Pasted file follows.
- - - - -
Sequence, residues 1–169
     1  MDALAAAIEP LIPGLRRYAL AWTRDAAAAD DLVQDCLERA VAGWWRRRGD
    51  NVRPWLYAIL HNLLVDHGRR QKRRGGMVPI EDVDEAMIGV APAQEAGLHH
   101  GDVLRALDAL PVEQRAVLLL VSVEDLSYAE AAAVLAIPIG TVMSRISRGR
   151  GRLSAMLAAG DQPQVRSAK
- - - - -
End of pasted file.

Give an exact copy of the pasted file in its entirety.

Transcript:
Sequence, residues 1–169
     1  MDALAAAIEP LIPGLRRYAL AWTRDAAAAD DLVQDCLERA VAGWWRRRGD
    51  NVRPWLYAIL HNLLVDHGRR QKRRGGMVPI EDVDEAMIGV APAQEAGLHH
   101  GDVLRALDAL PVEQRAVLLL VSVEDLSYAE AAAVLAIPIG TVMSRISRGR
   151  GRLSAMLAAG DQPQVRSAK